20. When people play with my controller unexpectedly and say “hey how do you work this thing” is probably my biggest pet peeve at all. DO NOT TOUCH A WHEELCHAIR PERSONS CONTROLLER. You do not know how to work it and if you dare try, you might just roll them into a wall and sprain their ankle. Or run over the person in front of them. Or push some tables. It’s not a toy, and it’s not something you need to know how to do. Seriously, I don’t grab your legs and ask them how you work those things. The way my wheelchair works is no ones business but my own. And even if you do know how to work it, the last thing I want is for someone literally controlling my life and moving me places I didn’t move myself.

For now, that is all. I will keep updating this list as the world continues to blossom with ignoramuses.

Have a fabulous day.

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I Use a String to Shut Doors.

A person with a disability has the keenest of minds and are very good at observing the world.
Because in the eyes of a disabled person, every move a person makes intrigues us.
The way people get dressed, cook, put things together, even something as simple as taking a glass out of a cabinet. And I honestly believe part of it has to do with the ability to fit in. The ability to do things the same way everyone else is doing it. Also, it’s interesting to see how people do things we are not able to do.
After years of trying to do things the “normal” way, I found many other disability friendlier way of doing things. Like using a broom to reach high things or a backscratcher to pick something off the ground.
As ridiculous as these things sound, they are the way that people with disabilities gain independence.

It’s interesting when you realize that able-bodied people don’t think twice when they do simple things such as getting out of bed in the morning.
They just do it.
To a disabled person it’s more:
“oh it’s 10:30am and I’m wide awake but my PA doesn’t come in until 11am, looks like I have to wait.”
“I wonder if my PA will be here on time.”
“What if my PA can’t show up?”
“Aw man I wish I could sleep longer but my PA has an early class and it’s the only time she could help me.”

Mind you, these are all the possible thoughts going through a disabled persons mind, and this is just for ONE simple task in the day. Getting from the bed to the wheelchair.

Independence is something disabled people have to strive for and build for themselves.
And we see everything. We see your abilities. And compare it to our own. Trying to find and think of a way we could possibly do these things ourselves.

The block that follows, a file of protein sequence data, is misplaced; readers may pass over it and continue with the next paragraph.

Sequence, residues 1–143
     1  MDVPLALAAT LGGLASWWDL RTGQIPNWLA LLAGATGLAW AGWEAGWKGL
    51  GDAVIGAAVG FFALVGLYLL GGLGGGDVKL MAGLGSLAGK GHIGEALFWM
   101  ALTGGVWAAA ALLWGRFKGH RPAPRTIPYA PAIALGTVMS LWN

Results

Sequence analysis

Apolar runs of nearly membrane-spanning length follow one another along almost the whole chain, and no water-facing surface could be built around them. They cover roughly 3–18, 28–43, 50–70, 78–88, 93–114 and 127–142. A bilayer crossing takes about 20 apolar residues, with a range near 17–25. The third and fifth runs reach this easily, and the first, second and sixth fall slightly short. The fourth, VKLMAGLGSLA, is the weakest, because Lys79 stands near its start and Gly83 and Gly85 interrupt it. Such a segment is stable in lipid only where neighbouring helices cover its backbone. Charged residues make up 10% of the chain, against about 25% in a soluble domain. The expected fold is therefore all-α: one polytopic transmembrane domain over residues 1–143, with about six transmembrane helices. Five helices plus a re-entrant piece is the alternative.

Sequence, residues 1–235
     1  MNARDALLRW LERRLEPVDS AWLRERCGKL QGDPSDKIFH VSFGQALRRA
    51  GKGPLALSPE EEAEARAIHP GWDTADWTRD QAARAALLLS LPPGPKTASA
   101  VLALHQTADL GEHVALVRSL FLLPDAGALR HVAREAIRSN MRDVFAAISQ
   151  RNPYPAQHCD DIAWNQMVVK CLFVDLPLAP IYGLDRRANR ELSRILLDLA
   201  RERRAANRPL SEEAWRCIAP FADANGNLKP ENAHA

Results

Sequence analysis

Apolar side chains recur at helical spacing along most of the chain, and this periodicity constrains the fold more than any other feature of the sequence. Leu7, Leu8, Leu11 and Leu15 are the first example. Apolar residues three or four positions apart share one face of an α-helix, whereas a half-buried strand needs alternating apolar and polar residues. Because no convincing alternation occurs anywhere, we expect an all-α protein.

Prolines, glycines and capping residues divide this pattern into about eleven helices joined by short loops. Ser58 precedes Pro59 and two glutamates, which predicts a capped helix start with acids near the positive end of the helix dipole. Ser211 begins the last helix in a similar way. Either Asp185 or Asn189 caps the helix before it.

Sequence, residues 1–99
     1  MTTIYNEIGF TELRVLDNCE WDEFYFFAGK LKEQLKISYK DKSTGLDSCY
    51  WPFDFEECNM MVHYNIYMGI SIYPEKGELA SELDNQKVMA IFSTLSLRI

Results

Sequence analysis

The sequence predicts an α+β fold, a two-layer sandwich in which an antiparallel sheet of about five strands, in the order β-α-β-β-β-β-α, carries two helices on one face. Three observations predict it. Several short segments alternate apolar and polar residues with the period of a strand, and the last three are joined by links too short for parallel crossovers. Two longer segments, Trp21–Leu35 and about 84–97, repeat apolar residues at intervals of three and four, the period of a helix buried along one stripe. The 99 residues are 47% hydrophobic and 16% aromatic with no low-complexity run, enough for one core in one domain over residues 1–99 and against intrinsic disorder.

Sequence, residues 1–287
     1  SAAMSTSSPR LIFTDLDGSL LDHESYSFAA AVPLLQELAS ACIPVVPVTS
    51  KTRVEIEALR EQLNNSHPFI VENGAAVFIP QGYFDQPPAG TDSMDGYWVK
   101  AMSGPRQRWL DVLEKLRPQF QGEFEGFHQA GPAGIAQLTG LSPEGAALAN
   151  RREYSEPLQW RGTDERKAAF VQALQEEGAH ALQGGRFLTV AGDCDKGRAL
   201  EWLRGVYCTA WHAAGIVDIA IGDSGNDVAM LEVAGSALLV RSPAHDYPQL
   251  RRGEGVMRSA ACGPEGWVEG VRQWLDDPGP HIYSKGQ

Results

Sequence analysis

Some obstacles are easy to overcome… Others, not so much.

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King Of Me.

There’s been a lot of backlash about Kanye’s recent incident at one of his concerts.
One thing I find great is that when the media shows some sort of degrade to people with disabilities, my entire Facebook feed is filled with people talking about it. And I honestly don’t think that’s how everybody’s Facebook looks.
The people I’ve met in my life have seen and helped and placed themselves in the shoes of those with disabilities.
I can honestly say that unless a person actually has the disability, there’s no way to actually know how it feels. To think how we think. To see what we see. My friends though, have a pretty damn good idea.
It’s hard to convey what we feel when someone like Kanye makes a person with a disability feel so outcasted. As if they don’t already feel that way.
I can honestly say that after watching the video of the concert I don’t agree with all the bad things people are saying about him. Don’t get me wrong it was a dick move and completely unnecessary. But I don’t think anyone paid close to attention to the ending. He found out the guy was in a wheelchair and immediately continued his concert….
my point: HE DIDNT PITY THE GUY

He probably didn’t pity the guy because he’s a vain asshole, but I could care less about him.
Disabled people don’t look for pity. It kind of follows them, and quite frankly, it’s really fucking annoying.

Everyone around me is always staring and judging and thinking about who am I and what I’m doing in the world. But I wonder if they look at the able-bodied person behind me and think the same thing.

I don’t agree with what Kanye did… But for once it ALMOST felt as though he treated the guy equally even after he found out he was disabled.

Just an opposing thought…

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Camp.

This post is probably long overdue but oh well.

Ever since I was six years old I’ve been going to summer camp. From the age of six to 17 I went to MDA Summer camp which is only for children that have Muscular Dystrophy. Since I turned 18, I attend Association of Horizon Summer Camp which is a camp for adults that have any type of physical disability. It is a non-profit organization so throughout the year we are constantly fundraising to make sure camp continues each year.

Camp is and has always been my number one priority. I know for a fact I would not be the person I am today if had never gone.

Camp has taught me that I am not alone.

That I am not limited.